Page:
Click or tap each image for a full-screen view.
Blind film 2
A mixed beach/urban roll here and again, I was surprised by the tonality. This was much closer to what I expected Portra to look like. Lovely, occasionally pastel colours and hues, especially yellows and golds, accurate colour rendition and fine grain.
Frames 12, 10, 9, 4 and 2 are among my favourites here and again click/tap an image for full screen.
So…any ideas? Write something down on a piece of paper before you scroll down and please, if you’re sharing this review on social media, etc., please don’t spoil the result.
As with my first blind review, I wrote this not knowing for sure which of the two stocks each of these sets of scans were and went to great pains to ensure I didn’t see the negatives before I finished writing this article.
To view the results, highlight the two blocks of BOLD text below and the film names will magically appear.
If you can’t see them clearly, just highlight, copy and then paste it somewhere.
<<< USE YOUR MOUSE/FINGER TO HIGHLIGHT TEXT FROM HERE >>>
Film 1: Kodak Portra 400 (shot at EI 800 + 1-stop push processing)
Film 2: CineStill 800T (shot at EI 800)
<<< … DOWN TO HERE >>>
As with my previous blind film review, I had a manic patch after returning home and sat on the scans for a while before reviewing them. Was I surprised? Bearing in mind that I viewed the scans in the same order as you (from frame 12 to 1), I was a bit, yes.
It wasn’t until I got to frame #1 of each roll that I was absolutely sure which was which. Still, I still went back to check I hadn’t gotten the two rolls mixed up. It made me wonder just how much harder it would have been had I filtered the CineStill roll.
When you look at these frames together, it’s screamingly obvious which one is which – the coldness of the CineStill frame gives it away.
The Wright Brothers at CineStill tell us that we should be shooting 800T at EI 800 (because research), which makes the film technically a stop-ish faster than Portra 400 in the real world.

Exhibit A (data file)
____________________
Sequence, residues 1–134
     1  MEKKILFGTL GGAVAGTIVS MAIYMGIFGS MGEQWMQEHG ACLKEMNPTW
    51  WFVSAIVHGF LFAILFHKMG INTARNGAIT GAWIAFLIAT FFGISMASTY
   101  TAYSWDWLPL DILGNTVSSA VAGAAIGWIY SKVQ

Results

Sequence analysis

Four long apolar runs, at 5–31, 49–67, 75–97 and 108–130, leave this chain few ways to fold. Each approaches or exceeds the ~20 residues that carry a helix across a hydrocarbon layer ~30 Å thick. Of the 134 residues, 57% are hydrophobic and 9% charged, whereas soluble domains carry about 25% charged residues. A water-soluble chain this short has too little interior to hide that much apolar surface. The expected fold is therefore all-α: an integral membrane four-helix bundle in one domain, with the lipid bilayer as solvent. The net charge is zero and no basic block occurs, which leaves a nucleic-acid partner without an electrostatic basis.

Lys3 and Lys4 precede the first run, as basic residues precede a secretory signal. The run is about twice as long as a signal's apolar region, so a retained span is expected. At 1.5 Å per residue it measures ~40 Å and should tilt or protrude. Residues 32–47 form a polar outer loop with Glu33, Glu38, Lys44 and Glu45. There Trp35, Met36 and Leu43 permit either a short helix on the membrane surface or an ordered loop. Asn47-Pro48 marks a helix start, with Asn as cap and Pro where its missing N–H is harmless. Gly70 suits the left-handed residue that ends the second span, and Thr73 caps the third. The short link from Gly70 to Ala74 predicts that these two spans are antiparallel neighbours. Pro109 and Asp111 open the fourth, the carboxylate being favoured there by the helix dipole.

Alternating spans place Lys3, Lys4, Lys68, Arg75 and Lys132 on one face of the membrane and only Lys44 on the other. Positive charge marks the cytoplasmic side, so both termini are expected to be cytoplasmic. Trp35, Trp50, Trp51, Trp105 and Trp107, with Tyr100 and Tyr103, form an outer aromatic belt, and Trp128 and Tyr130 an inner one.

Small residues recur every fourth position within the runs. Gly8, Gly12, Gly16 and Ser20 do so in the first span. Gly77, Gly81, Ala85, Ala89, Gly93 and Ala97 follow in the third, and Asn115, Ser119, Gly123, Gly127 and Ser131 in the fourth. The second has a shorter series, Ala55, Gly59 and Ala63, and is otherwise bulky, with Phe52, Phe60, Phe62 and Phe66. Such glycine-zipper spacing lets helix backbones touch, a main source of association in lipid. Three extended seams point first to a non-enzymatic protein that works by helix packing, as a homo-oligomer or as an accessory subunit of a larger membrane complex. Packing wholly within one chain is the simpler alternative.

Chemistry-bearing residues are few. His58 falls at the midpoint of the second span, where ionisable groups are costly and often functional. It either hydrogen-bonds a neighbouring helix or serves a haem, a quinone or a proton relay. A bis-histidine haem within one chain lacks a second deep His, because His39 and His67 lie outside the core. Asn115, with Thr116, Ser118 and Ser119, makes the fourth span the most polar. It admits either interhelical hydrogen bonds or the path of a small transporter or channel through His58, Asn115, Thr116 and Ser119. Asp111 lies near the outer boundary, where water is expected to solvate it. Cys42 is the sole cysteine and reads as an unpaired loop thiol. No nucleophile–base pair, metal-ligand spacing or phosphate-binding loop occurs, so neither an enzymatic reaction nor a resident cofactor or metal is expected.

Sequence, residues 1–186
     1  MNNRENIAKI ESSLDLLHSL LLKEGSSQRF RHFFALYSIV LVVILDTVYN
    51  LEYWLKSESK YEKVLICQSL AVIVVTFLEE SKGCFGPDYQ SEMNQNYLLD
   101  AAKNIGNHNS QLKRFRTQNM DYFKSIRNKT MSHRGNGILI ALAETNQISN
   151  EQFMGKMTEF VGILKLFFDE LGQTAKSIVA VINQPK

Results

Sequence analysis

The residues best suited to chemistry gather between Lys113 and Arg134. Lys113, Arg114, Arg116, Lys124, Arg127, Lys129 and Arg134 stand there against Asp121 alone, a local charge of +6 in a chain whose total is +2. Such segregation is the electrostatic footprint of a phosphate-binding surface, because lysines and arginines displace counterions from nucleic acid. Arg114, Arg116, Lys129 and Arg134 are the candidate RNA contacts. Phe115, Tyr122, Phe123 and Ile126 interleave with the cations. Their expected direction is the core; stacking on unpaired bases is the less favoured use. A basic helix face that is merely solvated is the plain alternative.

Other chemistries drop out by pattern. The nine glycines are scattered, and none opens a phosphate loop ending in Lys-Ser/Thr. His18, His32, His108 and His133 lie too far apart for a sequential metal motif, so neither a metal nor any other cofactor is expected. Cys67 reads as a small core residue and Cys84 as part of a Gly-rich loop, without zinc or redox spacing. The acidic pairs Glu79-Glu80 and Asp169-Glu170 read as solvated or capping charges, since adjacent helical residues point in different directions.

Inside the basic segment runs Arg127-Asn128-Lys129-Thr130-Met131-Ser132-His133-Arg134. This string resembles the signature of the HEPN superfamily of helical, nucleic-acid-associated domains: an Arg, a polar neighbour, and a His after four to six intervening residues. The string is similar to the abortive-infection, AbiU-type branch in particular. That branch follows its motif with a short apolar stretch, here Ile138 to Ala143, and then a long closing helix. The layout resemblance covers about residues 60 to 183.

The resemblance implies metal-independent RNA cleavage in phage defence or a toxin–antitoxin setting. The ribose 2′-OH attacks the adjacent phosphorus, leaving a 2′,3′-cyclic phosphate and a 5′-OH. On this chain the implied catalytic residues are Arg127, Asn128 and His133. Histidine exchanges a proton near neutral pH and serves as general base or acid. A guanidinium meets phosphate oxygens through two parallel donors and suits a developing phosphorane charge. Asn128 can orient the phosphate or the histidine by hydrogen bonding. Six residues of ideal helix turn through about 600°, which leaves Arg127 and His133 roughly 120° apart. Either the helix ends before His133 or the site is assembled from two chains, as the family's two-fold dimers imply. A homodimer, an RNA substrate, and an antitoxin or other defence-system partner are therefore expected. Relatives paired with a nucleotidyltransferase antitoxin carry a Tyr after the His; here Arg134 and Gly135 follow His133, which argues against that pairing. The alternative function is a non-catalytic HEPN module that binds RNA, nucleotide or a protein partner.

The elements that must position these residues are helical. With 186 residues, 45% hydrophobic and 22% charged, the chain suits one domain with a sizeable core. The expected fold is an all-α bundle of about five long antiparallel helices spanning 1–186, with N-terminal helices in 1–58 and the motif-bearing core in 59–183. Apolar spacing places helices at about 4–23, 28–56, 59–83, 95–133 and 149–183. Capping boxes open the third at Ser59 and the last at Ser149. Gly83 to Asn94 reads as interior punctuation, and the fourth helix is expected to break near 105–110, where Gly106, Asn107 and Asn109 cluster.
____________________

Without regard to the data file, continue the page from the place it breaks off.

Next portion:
Over the years I’ve done various tests of modern Kodak films, subjecting them to over and underexposure, under development, over development and combinations of all three. Bottom line, if you were to shoot Portra 400 at EI 800 in decent daylight and not have it push processed, it would honestly not be the end of the world.
My quick and dirty solution to the film speed difference for this test was to shoot the Portra at EI 800 and push process one stop. The result is a little higher contrast and saturation that one would normally expect from a roll of this film and this is probably why I’d mistaken some of the CineStill frames for it.
If someone showed me the CineStill frame above and told me it was Portra, I’d believe them no questions asked. It’s not a look I’ve come to associate with CineStill 800T, especially as this was my first time shooting it during the day and most people publishing pictures from this film lean towards night shots with plenty of neon.
CineStill 800T’s reputation as a film capable of only producing Bladerunner-esque visuals is undeserved in my opinion and I’m planning on spending more time with it during daylight hours. Based on the above results, I’m not sure I’ll be filtering it either.
Portra 400 at EI 800 is honestly lovely. Many people consider Portra 400 (and Fuji Pro 400H for that matter), to be “boring” film stocks with no punch or bite to them. It’s worth remembering that they’re designed to be utterly dependable and consistent. Call that boring if you will, I don’t buy it.
It takes some beating in-camera to change the default aesthetic of Portra 400 but it can be done. A little push processing on an overcast day brings a character to the film that’s a world away from the heavily edited “SoCal” aesthetic that’s so prevalent on social media today.
Why on earth you’d want blindly use digital presets to edit away the character of a film stock is beyond me. Perhaps I’m just not the target audience for filter packs and presets. It seems I’m at risk of turning this into a rant, so I’ll stop there and make a point of coming back to it in the future.
In the meantime, I’d love to hear your thoughts about the examples above and if you’ve done something similar in the past, I’d love to see the results. Drop a link in the comments below, tag me on Twitter or post to the EMULSIVE Facebook group.
As ever, keep shooting, folks.